Some encouraging (and discouraging) spring developments

WEST PALM BEACH, Fla. - We are now exactly two weeks from opening day. Time flies when you’re having fun, right? The home stretch of spring training has arrived for the Nationals, who are now lining up their rotation for the regular season, setting up bullpen roles and deciding the composition of their bench.

There is still plenty left to play out before the team heads north next Thursday night, but there also has been plenty of time here to draw a few conclusions, some positive and some negative.

So as the Nationals prepare for today’s game at The Ballpark of the Palm Beaches against the Yankees (1 p.m. on MASN) let’s run through both the encouraging and the discouraging developments of the spring so far ...

Harper-Revved-Up-Gray-Sidebar.jpgEncouraging: 2017 Bryce Harper looks much more like 2015 Bryce Harper than 2016 Bryce Harper. It’s not just the stats (six homers, 1.324 OPS, seven walks to only five strikeouts) but it’s also the way Harper looks at the plate. His swing is more balanced, allowing him to drive outside pitches in a manner he couldn’t last season. He’s more patient, perfectly willing to take his walks instead of chasing pitches out of the zone in a desperate attempt to make something happen. And he appears to be healthy, maybe the most encouraging thing of all.

Discouraging: Max Scherzer hasn’t pitched in a Grapefruit League game yet. That is expected to change in a couple of days, with Scherzer likely to start Wednesday against the Cardinals. That should still give him enough time to make three exhibition starts and still pitch the Nationals’ third game of the season (April 6 versus the Marlins). So that’s encouraging. But the fact the reigning National League Cy Young Award winner has taken this long to recover from a stress fracture in his ring finger, and still has to throw the majority of his fastballs with a three-fingered grip, remains discouraging.

Encouraging: Gio Gonz├ílez has been lights-out this spring. The lefty has allowed only one run and five hits in 12 innings. And most importantly, he has been remarkably efficient, needing only 49 pitches to complete five innings in his most recent start. Will that carry over into the season? There’s no way to know. But it’s been awfully encouraging to see Gonz├ílez pitch like this so far this spring, and reason for cautious optimism heading into the season.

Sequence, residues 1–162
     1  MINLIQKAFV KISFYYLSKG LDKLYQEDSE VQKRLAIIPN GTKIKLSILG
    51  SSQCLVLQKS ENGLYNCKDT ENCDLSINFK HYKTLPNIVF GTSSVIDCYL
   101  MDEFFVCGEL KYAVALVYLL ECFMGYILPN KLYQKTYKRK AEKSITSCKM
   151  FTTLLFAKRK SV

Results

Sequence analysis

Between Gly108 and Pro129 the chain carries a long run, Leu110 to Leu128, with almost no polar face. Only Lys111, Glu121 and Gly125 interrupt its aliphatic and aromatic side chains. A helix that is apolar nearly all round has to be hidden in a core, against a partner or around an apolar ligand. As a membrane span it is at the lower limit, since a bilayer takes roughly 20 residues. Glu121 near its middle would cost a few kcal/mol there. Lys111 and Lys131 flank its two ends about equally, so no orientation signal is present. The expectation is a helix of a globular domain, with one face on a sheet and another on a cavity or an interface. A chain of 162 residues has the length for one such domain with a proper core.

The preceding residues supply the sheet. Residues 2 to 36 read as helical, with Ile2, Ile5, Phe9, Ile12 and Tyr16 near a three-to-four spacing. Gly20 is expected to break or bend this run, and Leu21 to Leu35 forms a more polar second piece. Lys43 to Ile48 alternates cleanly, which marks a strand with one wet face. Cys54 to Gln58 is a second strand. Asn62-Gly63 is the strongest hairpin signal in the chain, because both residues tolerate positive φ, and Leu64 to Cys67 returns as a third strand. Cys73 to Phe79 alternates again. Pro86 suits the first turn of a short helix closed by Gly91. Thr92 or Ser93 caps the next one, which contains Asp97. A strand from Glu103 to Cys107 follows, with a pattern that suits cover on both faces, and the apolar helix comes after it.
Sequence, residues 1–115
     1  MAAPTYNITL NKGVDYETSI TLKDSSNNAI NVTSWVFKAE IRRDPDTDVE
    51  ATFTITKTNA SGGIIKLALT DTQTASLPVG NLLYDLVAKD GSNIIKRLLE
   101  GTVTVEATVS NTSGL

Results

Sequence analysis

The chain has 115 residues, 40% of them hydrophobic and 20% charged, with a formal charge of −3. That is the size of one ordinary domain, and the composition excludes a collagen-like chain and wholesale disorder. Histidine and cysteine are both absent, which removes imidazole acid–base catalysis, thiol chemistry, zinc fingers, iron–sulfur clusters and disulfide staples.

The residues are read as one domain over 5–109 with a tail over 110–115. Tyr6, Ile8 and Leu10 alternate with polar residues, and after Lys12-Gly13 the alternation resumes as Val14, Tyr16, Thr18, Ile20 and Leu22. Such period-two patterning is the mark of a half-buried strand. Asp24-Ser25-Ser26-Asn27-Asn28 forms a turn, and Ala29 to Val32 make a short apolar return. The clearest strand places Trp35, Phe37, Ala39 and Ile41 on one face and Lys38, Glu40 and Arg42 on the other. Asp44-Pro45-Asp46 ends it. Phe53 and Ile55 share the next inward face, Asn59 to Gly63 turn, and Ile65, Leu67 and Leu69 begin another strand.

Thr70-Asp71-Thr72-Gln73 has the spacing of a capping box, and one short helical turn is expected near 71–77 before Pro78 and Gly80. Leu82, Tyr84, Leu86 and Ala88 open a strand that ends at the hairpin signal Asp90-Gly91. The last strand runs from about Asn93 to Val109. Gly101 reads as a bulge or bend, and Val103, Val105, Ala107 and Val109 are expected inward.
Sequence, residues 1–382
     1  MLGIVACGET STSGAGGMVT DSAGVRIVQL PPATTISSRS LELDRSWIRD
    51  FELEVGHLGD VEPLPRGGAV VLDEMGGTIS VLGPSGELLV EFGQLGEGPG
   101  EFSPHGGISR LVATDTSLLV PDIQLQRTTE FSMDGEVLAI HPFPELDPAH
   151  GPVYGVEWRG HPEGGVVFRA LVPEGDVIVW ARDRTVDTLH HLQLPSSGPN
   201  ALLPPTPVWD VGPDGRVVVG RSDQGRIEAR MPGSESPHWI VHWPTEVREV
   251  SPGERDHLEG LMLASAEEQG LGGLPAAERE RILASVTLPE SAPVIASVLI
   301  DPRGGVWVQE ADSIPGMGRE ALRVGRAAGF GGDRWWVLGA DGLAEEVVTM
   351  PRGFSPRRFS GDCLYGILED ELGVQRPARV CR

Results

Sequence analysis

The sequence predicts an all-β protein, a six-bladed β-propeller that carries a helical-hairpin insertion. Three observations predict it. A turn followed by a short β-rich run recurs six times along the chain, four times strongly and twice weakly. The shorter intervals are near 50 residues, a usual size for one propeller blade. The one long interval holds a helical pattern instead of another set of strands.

Discouraging: Matt Wieters hasn’t shown much so far in limited game action. Signed one week into camp, he spent the next two weeks learning the pitching staff and getting himself into game shape. He has now played in five games, going just 2-for-12 at the plate with zero walks and five strikeouts. As Dusty Baker pointed out, the challenge for Wieters to get his swing together is even greater because he’s a switch-hitter and has to work on things from both sides of the plate. There’s still time, but don’t be surprised if Wieters takes a little while to heat up after the season begins.

Encouraging: Joe Blanton, despite his late signing, looks great and looks ready for regular season action already. The veteran reliever reported to camp in good physical condition and didn’t need long to get himself into game action. He has made three Grapefruit League appearances so far but yesterday threw three innings in a minor league game.

Discouraging: Tanner Roark and Daniel Murphy have barely seen any action in the World Baseball Classic, and that could hurt them once they rejoin the Nationals later this week. Roark has thrown only 1 1/3 innings in the last two weeks, though he is scheduled to start for Team USA in Tuesday night’s semifinal against Japan. Murphy, meanwhile, has been in the lineup for only two of the Americans’ six WBC games, going 0-for-6. He already was trying to get his timing down when he left Nats camp. He won’t have much time to get it down once he returns either Thursday or Friday.

Encouraging: Michael A. Taylor and Wilmer Difo have been tearing the cover off the ball, creating a potentially interesting race for the final spot on the opening day bench. Taylor, who has a well-developed reputation for being a Grapefruit League MVP, is batting .444 (16-for-36) with five extra-base hits and six stolen bases. He also has cut down on his strikeout rate, with only seven in those 36 at-bats. Difo is hitting .351 (13-for-37) with four extra-base hits. He also has shown to be quite versatile, even getting some action in center field as the Nats try to make him more valuable off the bench.

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